Rev. Lissa insisted on a balanced budget despite the daunting cuts required, and she also insisted on an accurate list of members that was not populated with former or lapsed members who had not paid their pledges in years. And she’s built wonderfully on the terrific work that Jim Nelson started, to make our church truly diverse.
Even more important to me, in the days that followed the presidential election in November, when I felt I was walking through a nightmare, the only place I truly felt hope and solace was in this sanctuary when, in sermon after sermon, Lissa gave us perspective, reason, and viable hope. Her service in which she folded President Trump’s unthinkable gaffe about Frederick Douglass into a sermon on Black History Month was one of the best services I’ve certainly experienced in this church in 20 years.
I’ve observed that our church, without meaning to of course, can be rather hard on new ministers. Perhaps this is the way we deal with change. I found this to be true with Greg Stewart, and Kathleen Owens, and especially with Hannah Petrie. One of the touching things about Hannah’s going away event last year was seeing several people dabbing tears from their eyes, the same people who had stopped me on the patio during Hannah’s first two years to lambaste her sermons and efforts at pastoral care. To those of you who have not yet opened your hearts to Rev. Lissa, I hope it is merely a matter of time before you recognize the gifts of this young woman that we have been so fortunate to draw to this church!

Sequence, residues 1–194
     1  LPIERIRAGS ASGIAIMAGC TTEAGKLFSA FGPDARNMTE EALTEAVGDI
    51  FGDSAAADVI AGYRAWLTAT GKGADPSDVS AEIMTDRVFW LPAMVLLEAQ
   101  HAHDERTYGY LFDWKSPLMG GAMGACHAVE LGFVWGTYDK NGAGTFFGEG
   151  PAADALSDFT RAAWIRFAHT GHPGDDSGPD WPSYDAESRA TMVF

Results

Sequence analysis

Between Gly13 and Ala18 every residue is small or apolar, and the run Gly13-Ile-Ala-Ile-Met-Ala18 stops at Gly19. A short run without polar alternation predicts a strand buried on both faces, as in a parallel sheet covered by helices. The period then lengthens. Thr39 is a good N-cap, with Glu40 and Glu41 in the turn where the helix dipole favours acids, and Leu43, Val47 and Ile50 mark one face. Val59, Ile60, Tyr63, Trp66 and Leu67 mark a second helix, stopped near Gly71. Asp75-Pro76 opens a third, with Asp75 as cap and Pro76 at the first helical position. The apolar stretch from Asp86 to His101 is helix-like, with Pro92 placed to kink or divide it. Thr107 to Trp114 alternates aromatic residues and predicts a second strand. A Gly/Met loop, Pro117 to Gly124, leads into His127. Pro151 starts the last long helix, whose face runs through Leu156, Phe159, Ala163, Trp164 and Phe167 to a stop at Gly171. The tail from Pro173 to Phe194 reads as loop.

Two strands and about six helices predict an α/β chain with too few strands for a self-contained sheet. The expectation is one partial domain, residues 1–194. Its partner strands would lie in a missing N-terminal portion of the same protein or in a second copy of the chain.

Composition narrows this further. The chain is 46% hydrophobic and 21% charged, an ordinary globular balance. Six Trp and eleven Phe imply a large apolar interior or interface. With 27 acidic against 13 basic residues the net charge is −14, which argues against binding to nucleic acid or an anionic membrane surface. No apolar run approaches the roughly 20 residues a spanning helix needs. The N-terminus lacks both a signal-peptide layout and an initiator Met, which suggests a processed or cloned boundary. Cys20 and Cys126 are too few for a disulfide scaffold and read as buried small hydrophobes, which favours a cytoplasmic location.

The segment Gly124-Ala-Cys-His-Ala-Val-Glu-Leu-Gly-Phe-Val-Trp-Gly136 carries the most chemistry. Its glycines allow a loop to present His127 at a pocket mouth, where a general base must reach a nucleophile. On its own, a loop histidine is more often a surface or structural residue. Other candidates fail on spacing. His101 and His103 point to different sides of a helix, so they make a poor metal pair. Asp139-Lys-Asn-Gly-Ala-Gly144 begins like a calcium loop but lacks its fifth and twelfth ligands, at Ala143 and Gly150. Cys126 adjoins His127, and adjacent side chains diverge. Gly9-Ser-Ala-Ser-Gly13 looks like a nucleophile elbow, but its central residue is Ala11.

The good news for you is that I am a people pleaser. The bad news for me is that I am a people pleaser. I will need to grow in this role. Dear friends at this church have already cornered me and made me promise to delegate and to not feel guilty when I say no. I needed no warning, as I’ve seen the role of church president impact my colleagues’ personal lives, professional lives, and physical and mental health. I ask your kind indulgence and understanding if occasionally, I have to set boundaries for my own self-care. I have a long commute to get here from Riverside where I work or Claremont where I live, but honestly, it affords me the time to think about the church and the work that needs to be done. I cna’t tell you how gratified and excited I am to be working with this new Board: Mimi Hennessy, Gary Breaux, Asia Bribiesca-Hedin, Eugene Hutchins, Kevin Kroeker , Esther Martin, Janice Partyka, and Lauren Worley. These terrific people bring diverse skills and outlooks and represent widely different sectors of the church. I already know them to be thoughtful, candid, hard-working – and always thinking of the congregation at large. In advance, I want to say to this awesome group of people, thank you so much for your service. And to this awesome group of people, I say, thank you so much again for giving me this wonderful opportunity to be your President!
-Clyde Derrick, NUUC Board of Trustees President